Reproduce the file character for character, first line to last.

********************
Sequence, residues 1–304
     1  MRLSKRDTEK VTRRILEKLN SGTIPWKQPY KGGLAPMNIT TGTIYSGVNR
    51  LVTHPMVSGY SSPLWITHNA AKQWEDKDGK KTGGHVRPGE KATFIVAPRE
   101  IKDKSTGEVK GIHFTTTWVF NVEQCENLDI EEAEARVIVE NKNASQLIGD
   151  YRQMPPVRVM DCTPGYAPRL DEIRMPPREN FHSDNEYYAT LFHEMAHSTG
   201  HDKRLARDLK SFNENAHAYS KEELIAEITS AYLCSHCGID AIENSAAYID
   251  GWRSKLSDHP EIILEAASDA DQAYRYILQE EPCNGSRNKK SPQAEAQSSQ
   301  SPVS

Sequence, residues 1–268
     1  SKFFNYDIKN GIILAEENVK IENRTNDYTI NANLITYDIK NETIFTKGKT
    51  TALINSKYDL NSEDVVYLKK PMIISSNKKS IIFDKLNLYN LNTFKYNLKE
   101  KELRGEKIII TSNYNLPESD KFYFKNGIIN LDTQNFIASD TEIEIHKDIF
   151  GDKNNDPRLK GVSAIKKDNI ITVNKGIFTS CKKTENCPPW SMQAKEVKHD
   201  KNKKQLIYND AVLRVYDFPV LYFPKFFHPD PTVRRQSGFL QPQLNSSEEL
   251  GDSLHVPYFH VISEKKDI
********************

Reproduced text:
Sequence, residues 1–304
     1  MRLSKRDTEK VTRRILEKLN SGTIPWKQPY KGGLAPMNIT TGTIYSGVNR
    51  LVTHPMVSGY SSPLWITHNA AKQWEDKDGK KTGGHVRPGE KATFIVAPRE
   101  IKDKSTGEVK GIHFTTTWVF NVEQCENLDI EEAEARVIVE NKNASQLIGD
   151  YRQMPPVRVM DCTPGYAPRL DEIRMPPREN FHSDNEYYAT LFHEMAHSTG
   201  HDKRLARDLK SFNENAHAYS KEELIAEITS AYLCSHCGID AIENSAAYID
   251  GWRSKLSDHP EIILEAASDA DQAYRYILQE EPCNGSRNKK SPQAEAQSSQ
   301  SPVS

Sequence, residues 1–268
     1  SKFFNYDIKN GIILAEENVK IENRTNDYTI NANLITYDIK NETIFTKGKT
    51  TALINSKYDL NSEDVVYLKK PMIISSNKKS IIFDKLNLYN LNTFKYNLKE
   101  KELRGEKIII TSNYNLPESD KFYFKNGIIN LDTQNFIASD TEIEIHKDIF
   151  GDKNNDPRLK GVSAIKKDNI ITVNKGIFTS CKKTENCPPW SMQAKEVKHD
   201  KNKKQLIYND AVLRVYDFPV LYFPKFFHPD PTVRRQSGFL QPQLNSSEEL
   251  GDSLHVPYFH VISEKKDI